Nebraska Couple Sold on Corn Planting Equipment

Collection of corn planting equipment shows the evolution of corn planters, check-row planters and shellers

| August 2000

  • Gleason and Bailey sheller
    This Gleason and Bailey sheller, made in New York of cast iron, carries a patent date of 1882. The stand on this sheller is intact; few survive the passage of years without breakage.
  • Free-standing John Deere shellers, with a David Bradley feed cutter
    A selection of free-standing John Deere shellers, with a David Bradley feed cutter at the lower left. Darrel keeps restoration efforts as true to the original as possible.
  • The Dain sheller
    The Dain sheller, made in Ottumwa, Iowa. John Deere bought out Dain and later discontinued the sheller line. "They're pretty rare now," says Darrel Heeren. He found this one, with an 1882 patent date, at an auction near his home. Enough original paint and trim survived that a friend was able to use it as a guide for a new decal, which she spent hours creating.
  • Darrel and Marian Heeren
    Darrel and Marian Heeren, Hastings, Neb. The two are active members of the Corn Items Collectors group, and are enthusiastic collectors and restorers. Darrel even tries out the antiques. "I've used one of those hand-operated planters to plant my sweet corn," he says.
  • A small portion of Darrel's collection of hand-operated corn planters
    A small portion of Darrel's collection of hand-operated corn planters. "I'm always amazed there are so many variations of planters and shellers," he says.
  • A partial selection of Darrel's box sheller collection
    A partial selection of Darrel's box sheller collection. When it comes to restoration, Darrel starts from scratch. "Some people don't like to sandblast," he says, "but I sandblast everything. I just have a cheap sandblster and some fans, but I take my time. Patience is the key. You have to be patient with what you do, and do it right the first time."
  • Gears on a Belle City Mfg. Co. feed cutter with Sheffield steel knives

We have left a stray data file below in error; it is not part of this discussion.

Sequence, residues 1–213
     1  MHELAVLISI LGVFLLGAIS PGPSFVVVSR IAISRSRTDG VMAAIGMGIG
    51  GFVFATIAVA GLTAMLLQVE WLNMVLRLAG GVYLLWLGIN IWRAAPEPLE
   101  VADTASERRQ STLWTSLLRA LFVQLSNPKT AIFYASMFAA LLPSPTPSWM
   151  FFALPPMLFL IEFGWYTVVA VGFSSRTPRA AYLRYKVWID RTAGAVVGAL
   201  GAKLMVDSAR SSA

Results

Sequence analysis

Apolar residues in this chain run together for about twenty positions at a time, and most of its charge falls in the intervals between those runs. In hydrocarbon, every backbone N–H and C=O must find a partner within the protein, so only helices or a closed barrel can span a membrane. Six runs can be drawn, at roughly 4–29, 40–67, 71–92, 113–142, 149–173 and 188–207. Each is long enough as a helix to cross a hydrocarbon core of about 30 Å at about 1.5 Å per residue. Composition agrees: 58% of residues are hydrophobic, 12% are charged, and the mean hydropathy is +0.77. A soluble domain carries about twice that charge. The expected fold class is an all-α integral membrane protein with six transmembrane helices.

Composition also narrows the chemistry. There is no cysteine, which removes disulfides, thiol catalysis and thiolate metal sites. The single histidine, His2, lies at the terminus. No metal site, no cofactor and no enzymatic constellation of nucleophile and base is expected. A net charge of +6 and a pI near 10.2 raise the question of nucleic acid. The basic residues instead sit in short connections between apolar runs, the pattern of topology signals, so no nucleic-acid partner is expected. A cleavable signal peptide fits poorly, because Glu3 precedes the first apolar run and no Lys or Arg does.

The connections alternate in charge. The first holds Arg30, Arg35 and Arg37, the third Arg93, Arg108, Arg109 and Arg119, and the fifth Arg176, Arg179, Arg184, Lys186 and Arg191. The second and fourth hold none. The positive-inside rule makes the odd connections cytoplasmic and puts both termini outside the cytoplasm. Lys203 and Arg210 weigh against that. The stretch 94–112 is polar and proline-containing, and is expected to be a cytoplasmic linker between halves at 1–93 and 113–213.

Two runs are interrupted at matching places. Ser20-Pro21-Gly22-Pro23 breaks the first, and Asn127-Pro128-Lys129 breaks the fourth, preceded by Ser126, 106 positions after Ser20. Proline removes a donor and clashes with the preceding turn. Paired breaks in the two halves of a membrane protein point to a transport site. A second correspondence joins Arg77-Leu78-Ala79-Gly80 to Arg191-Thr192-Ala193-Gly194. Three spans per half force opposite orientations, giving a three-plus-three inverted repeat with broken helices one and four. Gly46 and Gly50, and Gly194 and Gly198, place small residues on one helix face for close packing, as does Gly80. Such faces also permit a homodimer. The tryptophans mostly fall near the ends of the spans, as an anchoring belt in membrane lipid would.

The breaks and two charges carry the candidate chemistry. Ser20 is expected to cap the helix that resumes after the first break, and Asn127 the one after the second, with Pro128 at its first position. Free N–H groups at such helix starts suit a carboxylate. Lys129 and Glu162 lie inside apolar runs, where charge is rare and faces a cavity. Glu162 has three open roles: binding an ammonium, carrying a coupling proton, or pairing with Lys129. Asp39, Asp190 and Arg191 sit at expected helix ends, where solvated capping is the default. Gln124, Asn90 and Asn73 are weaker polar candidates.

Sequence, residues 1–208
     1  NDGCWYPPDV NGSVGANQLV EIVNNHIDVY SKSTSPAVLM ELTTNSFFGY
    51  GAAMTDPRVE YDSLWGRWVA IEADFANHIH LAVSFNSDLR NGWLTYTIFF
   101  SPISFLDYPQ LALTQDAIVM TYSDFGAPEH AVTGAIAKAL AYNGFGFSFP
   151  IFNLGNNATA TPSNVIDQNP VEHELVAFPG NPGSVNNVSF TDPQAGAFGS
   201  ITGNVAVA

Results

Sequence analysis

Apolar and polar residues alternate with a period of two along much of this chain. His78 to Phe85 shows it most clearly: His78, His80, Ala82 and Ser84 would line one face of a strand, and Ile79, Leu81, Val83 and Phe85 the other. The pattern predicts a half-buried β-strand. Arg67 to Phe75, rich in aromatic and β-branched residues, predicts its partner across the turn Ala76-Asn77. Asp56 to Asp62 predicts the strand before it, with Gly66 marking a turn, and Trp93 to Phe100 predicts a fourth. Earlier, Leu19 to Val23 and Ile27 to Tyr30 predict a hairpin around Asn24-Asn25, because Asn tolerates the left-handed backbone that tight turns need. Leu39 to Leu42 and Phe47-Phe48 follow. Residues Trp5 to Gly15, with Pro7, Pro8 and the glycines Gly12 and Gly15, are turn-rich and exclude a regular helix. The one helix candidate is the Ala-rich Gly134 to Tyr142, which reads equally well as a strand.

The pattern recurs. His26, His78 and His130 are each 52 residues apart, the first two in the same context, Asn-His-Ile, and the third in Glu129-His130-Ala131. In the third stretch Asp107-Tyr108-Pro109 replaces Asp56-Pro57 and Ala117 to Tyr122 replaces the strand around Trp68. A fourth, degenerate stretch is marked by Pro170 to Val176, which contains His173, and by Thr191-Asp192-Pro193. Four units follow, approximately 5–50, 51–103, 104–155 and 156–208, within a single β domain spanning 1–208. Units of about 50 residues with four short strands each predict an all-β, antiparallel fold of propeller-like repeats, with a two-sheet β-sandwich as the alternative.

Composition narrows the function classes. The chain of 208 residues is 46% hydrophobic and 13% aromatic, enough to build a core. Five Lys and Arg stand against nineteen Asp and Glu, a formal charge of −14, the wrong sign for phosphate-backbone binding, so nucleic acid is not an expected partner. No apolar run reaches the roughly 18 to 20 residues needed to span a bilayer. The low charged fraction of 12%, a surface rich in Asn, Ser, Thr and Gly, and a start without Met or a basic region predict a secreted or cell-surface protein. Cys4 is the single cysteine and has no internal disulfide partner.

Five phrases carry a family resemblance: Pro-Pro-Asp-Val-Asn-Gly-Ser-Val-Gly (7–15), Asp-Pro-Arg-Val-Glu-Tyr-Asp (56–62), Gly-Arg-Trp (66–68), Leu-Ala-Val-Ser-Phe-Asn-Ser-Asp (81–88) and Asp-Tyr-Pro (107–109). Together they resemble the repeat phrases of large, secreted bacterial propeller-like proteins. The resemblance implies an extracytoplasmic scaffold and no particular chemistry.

Gears on a Belle City Mfg. Co. feed cutter with Sheffield steel knives. "It was used just for chopping green corn for milk cows and other livestock," Darrel says. "It'd take a stalk and the ear." It dates to about 1900.

  • Gleason and Bailey sheller
  • Free-standing John Deere shellers, with a David Bradley feed cutter
  • The Dain sheller
  • Darrel and Marian Heeren
  • A small portion of Darrel's collection of hand-operated corn planters
  • A partial selection of Darrel's box sheller collection
  • Gears on a Belle City Mfg. Co. feed cutter with Sheffield steel knives

One look at Darrel Heeren's collection of corn equipment, and you know he's a serious collector. But Darrel, who lives south of Hastings, Neb., delights in sharing what he refers to as "My corn-e hobby." 

"I very much enjoy showing my collection to any and all," he says, "to those who have memories of these items, and those who know nothing about them. I try hard to share what I have learned, and then I have learned more myself."

Darrel's collection illustrates the evolution of corn planting equipment, ranging from hand-operated planters dating to the mid-1800s, to horse-drawn corn planting implements. It also includes a rich assortment of shelters, feed cutters, corn shock tyers, planter lids, cast iron tool boxes, and a variety of antique tools.

His oldest hand-operated planter dates to 1858. He uses it to show people that early corn crops were planted quite differently than those of today.



"They used to plant corn in grids, in hills 46 inches apart. They'd drop three or four kernels in each hill. The cultivator was little more than a couple of shovels," he says. "The hardest thing for a lot of people to understand is that they didn't always plant corn in a row, and it wasn't always a cash crop. It used to be a subsistence crop."

Hand-operated planters were used to the 1880s, he says, with later use limited to filling in gaps.